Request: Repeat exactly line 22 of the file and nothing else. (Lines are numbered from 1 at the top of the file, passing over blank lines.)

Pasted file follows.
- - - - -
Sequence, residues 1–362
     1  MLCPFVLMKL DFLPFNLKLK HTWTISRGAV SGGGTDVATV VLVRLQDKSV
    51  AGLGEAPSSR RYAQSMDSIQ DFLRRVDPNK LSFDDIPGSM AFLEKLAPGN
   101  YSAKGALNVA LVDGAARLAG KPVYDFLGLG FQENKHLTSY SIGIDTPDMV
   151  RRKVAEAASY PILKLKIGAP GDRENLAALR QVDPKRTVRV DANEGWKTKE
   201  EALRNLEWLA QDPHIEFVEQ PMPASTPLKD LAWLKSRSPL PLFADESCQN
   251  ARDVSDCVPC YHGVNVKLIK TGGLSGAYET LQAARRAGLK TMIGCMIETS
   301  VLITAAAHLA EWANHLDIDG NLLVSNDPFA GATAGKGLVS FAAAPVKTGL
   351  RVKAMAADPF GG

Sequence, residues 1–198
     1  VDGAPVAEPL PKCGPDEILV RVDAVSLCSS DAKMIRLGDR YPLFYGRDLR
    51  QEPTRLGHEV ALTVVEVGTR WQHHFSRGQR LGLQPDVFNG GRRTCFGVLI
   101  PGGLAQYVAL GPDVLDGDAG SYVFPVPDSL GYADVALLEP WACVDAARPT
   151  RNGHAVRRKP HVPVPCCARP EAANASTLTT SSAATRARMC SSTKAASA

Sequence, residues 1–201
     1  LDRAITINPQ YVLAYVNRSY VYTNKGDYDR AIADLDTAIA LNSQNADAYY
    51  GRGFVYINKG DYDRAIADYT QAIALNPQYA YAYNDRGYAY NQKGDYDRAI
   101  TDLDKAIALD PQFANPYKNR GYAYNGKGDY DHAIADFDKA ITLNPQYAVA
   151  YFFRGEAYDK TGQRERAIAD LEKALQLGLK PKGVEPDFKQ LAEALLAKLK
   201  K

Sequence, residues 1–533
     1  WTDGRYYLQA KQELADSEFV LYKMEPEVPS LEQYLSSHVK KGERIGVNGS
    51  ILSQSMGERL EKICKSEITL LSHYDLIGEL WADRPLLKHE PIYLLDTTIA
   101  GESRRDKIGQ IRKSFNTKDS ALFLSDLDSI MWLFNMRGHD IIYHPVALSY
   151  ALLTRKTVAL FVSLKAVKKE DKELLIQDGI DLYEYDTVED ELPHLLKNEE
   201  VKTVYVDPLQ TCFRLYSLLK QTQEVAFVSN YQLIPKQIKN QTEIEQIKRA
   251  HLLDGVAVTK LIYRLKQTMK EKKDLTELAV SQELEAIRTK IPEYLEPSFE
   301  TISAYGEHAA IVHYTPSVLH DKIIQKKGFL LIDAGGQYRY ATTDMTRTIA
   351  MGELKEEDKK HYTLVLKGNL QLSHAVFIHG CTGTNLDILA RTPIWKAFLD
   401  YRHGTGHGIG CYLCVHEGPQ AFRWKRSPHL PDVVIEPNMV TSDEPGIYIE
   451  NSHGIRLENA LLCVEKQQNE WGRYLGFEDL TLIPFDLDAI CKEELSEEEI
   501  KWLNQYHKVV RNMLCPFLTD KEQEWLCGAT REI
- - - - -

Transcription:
     1  WTDGRYYLQA KQELADSEFV LYKMEPEVPS LEQYLSSHVK KGERIGVNGS